The Failed Revolution In Egypt

In January of last year, over 50,000 protesters filled Tahrir Square in Egypt to protest the regime of Egyptian President Hosni Mubarak. They were demanding freedom and democracy. Unfortunately, it does not appear that that is what they got.

The U. K. Telegraph reported yesterday on what has happened in Egypt since the original protest.

The article reports:

The two presidential candidates who, as counting nears completion, seem to have got through to a second round of voting are the leader of the Muslim Brotherhood‘s front party, the FJP, and a former Air Force general who was prime minister when the “last dictator” Hosni Mubarak finally stepped down.

It really doesn’t seem like much of a choice, but the author of the article has a slightly different view. He states that this is democracy in action–the candidates got the votes and are therefore the choice of the people.

The article points out how the two candidates won:

The three losers appealed to people who like to argue about politics and ideas, and have “messages”. But they were essentially dilettantes. The Brotherhood and the ex-regime spoke directly to the concerns of ordinary Egyptians, and said what it could do for them.

The Brothers frighten the West with their Islamism. But their campaign talked about education for the poor, and defending traditional values. They came out strongly in favour of free market economics, and while it would be wrong to say Hayek won the election, in most of provincial Egypt, the imam, the teacher, the engineer and the local shop-keeper make more sense than semi-Marxist rhetoric coming out of Cairo; think of Britain and France in the 1950s, captivated by Angry Young Men and Sartre respectively, but voting Tory and Gaullist, and you get the idea.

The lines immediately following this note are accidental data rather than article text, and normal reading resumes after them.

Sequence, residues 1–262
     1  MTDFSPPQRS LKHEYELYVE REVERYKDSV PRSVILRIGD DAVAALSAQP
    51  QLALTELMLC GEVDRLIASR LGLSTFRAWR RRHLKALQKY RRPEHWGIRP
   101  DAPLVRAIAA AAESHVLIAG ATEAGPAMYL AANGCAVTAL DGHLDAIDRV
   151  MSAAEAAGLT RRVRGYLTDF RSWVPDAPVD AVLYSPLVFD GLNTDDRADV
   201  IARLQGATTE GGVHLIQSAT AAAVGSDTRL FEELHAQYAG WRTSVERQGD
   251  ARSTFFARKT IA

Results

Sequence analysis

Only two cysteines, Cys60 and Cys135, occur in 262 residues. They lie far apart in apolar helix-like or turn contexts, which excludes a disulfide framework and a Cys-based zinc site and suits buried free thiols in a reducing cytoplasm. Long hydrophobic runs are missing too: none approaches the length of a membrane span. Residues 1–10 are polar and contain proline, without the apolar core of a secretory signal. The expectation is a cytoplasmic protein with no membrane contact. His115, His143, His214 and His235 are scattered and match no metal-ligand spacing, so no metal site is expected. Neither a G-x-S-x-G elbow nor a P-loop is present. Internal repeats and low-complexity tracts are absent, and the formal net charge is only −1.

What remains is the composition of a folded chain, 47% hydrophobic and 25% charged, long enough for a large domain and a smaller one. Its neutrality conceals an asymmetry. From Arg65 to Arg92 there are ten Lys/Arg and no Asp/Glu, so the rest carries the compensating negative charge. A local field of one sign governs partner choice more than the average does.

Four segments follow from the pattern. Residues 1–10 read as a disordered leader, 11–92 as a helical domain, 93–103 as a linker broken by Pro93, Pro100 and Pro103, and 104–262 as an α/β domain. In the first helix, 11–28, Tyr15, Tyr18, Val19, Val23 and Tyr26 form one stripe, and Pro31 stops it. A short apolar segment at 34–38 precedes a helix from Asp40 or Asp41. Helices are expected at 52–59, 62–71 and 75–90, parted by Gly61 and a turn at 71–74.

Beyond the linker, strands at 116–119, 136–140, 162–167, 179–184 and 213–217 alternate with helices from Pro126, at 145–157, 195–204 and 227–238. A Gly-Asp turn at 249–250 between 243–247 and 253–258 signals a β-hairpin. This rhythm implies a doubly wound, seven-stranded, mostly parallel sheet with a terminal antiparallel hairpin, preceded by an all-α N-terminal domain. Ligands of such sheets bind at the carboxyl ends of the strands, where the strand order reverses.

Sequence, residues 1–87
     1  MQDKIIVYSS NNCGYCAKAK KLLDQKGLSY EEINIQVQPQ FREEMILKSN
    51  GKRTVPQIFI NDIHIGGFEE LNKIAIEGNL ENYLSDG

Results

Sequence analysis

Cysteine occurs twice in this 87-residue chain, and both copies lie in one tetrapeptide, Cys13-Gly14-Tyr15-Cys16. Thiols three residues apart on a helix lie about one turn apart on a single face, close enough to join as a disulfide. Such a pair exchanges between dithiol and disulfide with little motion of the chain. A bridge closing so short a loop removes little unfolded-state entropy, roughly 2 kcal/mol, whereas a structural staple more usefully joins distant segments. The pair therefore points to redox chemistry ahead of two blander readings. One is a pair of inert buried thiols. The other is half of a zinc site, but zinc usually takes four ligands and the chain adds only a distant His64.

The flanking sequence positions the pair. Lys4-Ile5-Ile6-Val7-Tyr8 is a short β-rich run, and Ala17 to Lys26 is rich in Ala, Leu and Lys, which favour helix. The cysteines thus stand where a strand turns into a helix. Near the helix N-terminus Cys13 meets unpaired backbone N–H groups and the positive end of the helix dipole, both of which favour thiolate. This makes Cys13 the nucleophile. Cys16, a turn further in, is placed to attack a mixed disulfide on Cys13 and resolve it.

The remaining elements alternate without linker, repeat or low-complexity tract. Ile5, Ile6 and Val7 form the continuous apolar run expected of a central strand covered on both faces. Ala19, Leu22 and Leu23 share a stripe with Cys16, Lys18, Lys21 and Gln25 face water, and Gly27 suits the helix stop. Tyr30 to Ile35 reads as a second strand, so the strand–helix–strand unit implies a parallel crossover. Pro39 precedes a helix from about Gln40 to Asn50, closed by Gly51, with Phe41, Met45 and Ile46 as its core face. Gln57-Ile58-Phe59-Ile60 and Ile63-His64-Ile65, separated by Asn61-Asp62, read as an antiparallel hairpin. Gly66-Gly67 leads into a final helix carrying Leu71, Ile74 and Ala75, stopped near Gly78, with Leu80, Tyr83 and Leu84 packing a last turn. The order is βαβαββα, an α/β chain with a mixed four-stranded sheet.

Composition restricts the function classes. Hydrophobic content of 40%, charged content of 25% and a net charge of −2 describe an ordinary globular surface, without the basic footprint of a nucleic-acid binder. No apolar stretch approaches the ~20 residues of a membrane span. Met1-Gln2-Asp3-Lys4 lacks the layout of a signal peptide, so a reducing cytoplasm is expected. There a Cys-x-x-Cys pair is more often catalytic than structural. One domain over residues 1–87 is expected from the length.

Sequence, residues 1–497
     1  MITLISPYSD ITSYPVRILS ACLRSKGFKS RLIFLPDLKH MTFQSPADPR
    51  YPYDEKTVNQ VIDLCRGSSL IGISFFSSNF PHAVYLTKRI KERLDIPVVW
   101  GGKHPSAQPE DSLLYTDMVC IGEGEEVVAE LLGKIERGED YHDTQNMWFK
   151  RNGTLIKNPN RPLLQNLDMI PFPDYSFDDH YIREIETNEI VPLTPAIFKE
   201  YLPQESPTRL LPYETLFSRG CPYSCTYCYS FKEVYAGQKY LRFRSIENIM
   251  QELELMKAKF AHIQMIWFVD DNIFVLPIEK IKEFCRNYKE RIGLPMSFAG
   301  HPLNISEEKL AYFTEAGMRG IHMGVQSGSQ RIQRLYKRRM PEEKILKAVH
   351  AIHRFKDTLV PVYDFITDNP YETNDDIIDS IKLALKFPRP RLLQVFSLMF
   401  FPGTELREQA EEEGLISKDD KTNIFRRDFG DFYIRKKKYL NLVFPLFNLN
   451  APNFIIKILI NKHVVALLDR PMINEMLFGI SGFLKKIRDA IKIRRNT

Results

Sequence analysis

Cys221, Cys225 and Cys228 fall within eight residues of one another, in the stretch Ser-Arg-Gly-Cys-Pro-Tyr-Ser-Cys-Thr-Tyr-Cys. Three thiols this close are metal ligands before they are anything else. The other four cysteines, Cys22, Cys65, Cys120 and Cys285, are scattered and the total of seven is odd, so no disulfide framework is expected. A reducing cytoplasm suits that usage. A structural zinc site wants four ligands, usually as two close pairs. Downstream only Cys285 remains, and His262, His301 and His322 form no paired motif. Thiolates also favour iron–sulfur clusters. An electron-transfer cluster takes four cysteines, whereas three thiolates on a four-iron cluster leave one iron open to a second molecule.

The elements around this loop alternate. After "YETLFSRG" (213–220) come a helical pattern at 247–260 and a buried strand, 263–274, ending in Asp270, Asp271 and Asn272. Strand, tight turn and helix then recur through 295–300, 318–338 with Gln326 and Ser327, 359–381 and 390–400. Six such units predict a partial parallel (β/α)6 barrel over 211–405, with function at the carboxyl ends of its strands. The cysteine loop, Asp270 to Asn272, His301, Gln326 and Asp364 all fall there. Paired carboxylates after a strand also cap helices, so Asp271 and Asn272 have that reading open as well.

Shafiq had one message: Mubarak was Mubarak, but security is security; two years ago you could walk the streets safely, and now you can’t. For communities traumatised by crime, that speaks loud.

This is a lesson that should be learned by American politicians–if you want to win, have a plan!

I don’t see any hope for a democracy in Egypt. If the Muslim Brotherhood wins this election, they will institute Sharia Law and that will be the end of freedom. I hope that I am wrong, but the lessons of history are, unfortunately, on my side.


Enhanced by Zemanta